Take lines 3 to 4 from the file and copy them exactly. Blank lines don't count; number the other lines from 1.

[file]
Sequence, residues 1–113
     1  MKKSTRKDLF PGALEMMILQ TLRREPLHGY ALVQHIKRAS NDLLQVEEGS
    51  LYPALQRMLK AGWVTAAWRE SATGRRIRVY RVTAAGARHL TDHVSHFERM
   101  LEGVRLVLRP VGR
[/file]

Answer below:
    51  LYPALQRMLK AGWVTAAWRE SATGRRIRVY RVTAAGARHL TDHVSHFERM
   101  LEGVRLVLRP VGR